Floods and lack of maintenance caused the banks of the River Tiber to have an irregular height; in the XVIIIth century a mound of sand on the left bank of the river had risen much higher than the level of the streets behind it, as this 1754 etching by Giuseppe Vasi shows.
Because the river bank had a rather forlorn aspect Vasi showed in the foreground a number of boats including one under full sail (it is shown in the image used as background for this page). Rome had two river harbours: Porto di Ripetta which was situated upstream of the site shown in this plate and Porto di Ripa Grande downstream of it and maybe the boat was carrying goods to the latter.
The view is taken from the green dot in the small 1748 map here below. In the description below the plate Vasi made reference to: 1) Part of Collegio Ecclesiastico; 2) Dome of S. Carlo a Catenari; 3) SS. Vincenzo e Anastasio; 4) Contrada (street) de' Vaccinari (tanners). 1) and 2) are shown in detail in other pages. The small map shows also 5) S. Bartolomeo dei Vaccinari.
Only the dome of S. Carlo dei Catinari in the background tells us that we are looking at the same site shown in the etching. The view by Vasi is a rare document of an entirely lost part of Rome which did not attract the attention of other painters and printmakers.
Map from "Forma Urbis Romae" by Rodolfo Lanciani (1893); the map shows in black the neighbourhood at the time of ancient Rome, in red as it was before 1870 and in blue the changes introduced after that year. In particular the thick blue line indicates the high wall built to prevent floods in the late 1880s. 1) SS. Vincenzo e Anastasio; 2) S. Bartolomeo dei Vaccinari; 3) Ponte Giuseppe Garibaldi
In 1885-886 the whole area shown in the etching was redesigned and almost all the buildings near the river bank were demolished, similar to what occurred in the adjoining Jewish Ghetto. The small church of SS. Vincenzo e Anastasio belonged to the guild of the cooks; it was very old, but it had been rebuilt in 1640. It was a parish church until 1824. The last records about the church indicate that it was in very poor condition.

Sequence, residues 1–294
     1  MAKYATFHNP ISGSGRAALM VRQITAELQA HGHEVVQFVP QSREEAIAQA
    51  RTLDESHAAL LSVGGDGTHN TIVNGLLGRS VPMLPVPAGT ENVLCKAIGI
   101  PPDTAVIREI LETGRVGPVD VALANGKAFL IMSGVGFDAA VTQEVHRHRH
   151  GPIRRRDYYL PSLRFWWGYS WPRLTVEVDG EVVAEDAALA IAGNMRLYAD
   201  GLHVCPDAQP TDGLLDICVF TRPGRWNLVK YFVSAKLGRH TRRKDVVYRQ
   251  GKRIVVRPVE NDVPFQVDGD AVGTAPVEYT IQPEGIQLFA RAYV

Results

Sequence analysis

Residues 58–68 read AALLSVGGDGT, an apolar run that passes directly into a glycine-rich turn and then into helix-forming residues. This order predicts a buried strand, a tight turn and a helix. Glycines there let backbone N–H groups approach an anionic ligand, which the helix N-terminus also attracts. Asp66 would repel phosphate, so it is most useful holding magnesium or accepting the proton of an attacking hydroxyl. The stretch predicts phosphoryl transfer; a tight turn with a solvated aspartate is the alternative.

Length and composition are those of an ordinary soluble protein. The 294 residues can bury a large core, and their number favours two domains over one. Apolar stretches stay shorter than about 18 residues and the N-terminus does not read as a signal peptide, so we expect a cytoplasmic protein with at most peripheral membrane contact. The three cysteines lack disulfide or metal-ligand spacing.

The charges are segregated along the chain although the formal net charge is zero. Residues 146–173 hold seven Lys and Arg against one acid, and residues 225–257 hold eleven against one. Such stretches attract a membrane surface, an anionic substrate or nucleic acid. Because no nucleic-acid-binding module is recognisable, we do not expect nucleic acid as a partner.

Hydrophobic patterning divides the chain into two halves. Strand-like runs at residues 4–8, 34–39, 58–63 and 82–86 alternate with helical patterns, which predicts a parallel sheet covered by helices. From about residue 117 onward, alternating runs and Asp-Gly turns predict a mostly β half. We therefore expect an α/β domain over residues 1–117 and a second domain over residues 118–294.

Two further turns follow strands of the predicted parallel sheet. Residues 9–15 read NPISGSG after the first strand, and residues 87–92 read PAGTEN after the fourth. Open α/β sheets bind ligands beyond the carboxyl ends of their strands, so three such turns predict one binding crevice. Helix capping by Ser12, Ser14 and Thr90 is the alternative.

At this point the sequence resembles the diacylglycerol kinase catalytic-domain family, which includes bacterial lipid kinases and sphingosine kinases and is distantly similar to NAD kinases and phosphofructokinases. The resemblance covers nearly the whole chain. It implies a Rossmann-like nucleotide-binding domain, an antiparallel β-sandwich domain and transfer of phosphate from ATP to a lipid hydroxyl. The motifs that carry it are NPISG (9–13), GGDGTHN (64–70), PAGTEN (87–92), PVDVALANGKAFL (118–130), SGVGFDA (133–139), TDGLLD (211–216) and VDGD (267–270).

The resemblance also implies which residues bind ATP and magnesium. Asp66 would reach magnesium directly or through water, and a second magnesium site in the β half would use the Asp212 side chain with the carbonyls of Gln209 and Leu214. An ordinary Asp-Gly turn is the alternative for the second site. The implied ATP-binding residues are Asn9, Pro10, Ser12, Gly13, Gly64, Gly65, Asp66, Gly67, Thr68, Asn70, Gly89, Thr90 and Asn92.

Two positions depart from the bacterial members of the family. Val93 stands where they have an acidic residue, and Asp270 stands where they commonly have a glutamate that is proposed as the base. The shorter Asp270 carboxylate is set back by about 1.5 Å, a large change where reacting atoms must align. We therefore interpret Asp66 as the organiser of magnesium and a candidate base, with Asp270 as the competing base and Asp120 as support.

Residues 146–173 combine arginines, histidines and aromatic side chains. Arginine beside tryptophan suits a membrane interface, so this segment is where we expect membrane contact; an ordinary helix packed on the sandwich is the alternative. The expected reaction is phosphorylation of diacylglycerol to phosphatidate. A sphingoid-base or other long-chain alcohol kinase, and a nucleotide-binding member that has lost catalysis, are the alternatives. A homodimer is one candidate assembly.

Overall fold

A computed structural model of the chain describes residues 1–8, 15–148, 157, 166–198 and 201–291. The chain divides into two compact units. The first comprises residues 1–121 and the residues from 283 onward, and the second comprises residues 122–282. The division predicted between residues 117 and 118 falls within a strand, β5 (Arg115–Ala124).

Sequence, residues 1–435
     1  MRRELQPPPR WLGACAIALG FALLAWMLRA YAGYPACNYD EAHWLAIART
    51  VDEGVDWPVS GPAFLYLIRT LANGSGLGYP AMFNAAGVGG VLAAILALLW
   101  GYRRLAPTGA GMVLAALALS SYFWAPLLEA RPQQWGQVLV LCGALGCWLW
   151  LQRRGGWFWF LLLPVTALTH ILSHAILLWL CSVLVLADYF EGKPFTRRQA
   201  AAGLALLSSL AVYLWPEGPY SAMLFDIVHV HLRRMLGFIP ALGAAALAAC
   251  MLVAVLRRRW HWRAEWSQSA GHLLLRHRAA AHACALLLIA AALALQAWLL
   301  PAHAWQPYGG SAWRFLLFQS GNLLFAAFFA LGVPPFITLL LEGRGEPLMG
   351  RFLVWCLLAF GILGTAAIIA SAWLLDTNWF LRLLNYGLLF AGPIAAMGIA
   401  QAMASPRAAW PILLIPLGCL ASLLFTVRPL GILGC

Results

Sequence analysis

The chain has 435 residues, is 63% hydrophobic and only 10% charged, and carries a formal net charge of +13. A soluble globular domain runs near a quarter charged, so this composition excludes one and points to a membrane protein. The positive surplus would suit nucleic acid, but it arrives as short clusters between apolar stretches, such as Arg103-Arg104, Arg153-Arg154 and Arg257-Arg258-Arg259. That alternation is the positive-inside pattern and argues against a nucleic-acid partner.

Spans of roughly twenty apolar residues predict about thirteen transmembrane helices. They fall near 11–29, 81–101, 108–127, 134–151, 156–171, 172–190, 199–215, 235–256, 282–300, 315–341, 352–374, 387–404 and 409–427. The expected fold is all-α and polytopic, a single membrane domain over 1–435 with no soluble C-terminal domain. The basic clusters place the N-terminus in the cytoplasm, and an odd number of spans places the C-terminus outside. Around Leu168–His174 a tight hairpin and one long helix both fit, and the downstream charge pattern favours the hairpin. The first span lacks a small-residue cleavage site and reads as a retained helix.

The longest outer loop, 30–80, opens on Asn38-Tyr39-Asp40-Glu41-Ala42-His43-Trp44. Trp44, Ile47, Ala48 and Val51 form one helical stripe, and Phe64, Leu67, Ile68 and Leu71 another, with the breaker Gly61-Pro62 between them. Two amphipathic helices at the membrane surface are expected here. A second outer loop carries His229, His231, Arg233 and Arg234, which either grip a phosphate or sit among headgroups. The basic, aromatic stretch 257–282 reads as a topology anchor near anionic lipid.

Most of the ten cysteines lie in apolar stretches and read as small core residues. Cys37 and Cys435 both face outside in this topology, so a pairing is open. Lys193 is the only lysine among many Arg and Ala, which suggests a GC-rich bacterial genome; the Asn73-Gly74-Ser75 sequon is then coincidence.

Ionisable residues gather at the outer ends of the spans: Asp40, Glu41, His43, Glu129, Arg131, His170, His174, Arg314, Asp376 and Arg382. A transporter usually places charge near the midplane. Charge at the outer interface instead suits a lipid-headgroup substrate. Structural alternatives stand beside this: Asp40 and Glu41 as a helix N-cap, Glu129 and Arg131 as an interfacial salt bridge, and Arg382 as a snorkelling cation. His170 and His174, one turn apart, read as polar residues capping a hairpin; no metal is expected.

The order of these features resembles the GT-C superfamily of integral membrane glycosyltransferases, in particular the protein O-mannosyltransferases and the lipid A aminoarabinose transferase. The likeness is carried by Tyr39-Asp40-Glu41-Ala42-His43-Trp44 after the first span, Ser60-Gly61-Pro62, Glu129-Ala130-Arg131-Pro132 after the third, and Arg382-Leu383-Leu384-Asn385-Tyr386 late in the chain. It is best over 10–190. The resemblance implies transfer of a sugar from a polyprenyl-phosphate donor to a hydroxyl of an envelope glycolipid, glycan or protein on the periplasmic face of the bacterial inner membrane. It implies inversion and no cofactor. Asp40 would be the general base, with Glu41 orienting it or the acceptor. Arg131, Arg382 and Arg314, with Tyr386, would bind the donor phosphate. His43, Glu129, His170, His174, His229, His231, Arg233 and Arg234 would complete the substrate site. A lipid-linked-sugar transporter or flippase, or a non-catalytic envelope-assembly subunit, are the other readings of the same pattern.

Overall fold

(left/centre) Street bearing the name of the lost church of S. Bartolomeo dei Vaccinari; (right) portal of an old building which shows the new level of the street
The workshops of the tanners were located near the river bank; in 1570 the guild of the tanners was assigned an old church (S. Stefano de Arenula); the new owners dedicated it to St. Bartholomew, their patron saint; later on the church was entirely rebuilt (see a directory of Roman churches belonging to a guild).
The level of the ground was significantly raised in the 1880s and the church was pulled down; its main altar was shipped to Assab in Eritrea, then an Italian possession, to decorate a new church, but the 1929 detailed guide to Eritrea by Touring Club Italiano does not mention it.
Ministero di Grazia e Giustizia
Many old houses were pulled down in 1914 to make room for a large building by Pio Piacentini which was completed in 1929. Piacentini designed a Late Renaissance palace which is very different from Palazzo delle Esposizioni, one of his previous works; the comparison between the two buildings shows Piacentini's move towards a more restrained design.
Marcello Piacentini, son of Pio, played a major role in the design of E.U.R., a modern quarter of Rome with some innovative buildings.
Excerpts from Giuseppe Vasi 1761 Itinerary related to this page:
Perchč quivi il fiume si slarga pił che in ogni altra parte, si fermano sull'una e l'altra sponda le sue arene,
donde la contrada, si disse da prima in arenula, ed ora corrottamente la dicono alla renella. Grandi erano
anticamente le delizie su questa spiaggia, e sempre si confermano da' maravigliosi marmi, che ogni tanto
si scoprono. La chiesa di questi due Santi trovandosi per la vecchiezza in pericolo di rovinare fu
conceduta alla confraternita de' cuochi, e pasticcieri, i quali hanno rinnovata la chiesa, e vi mantengono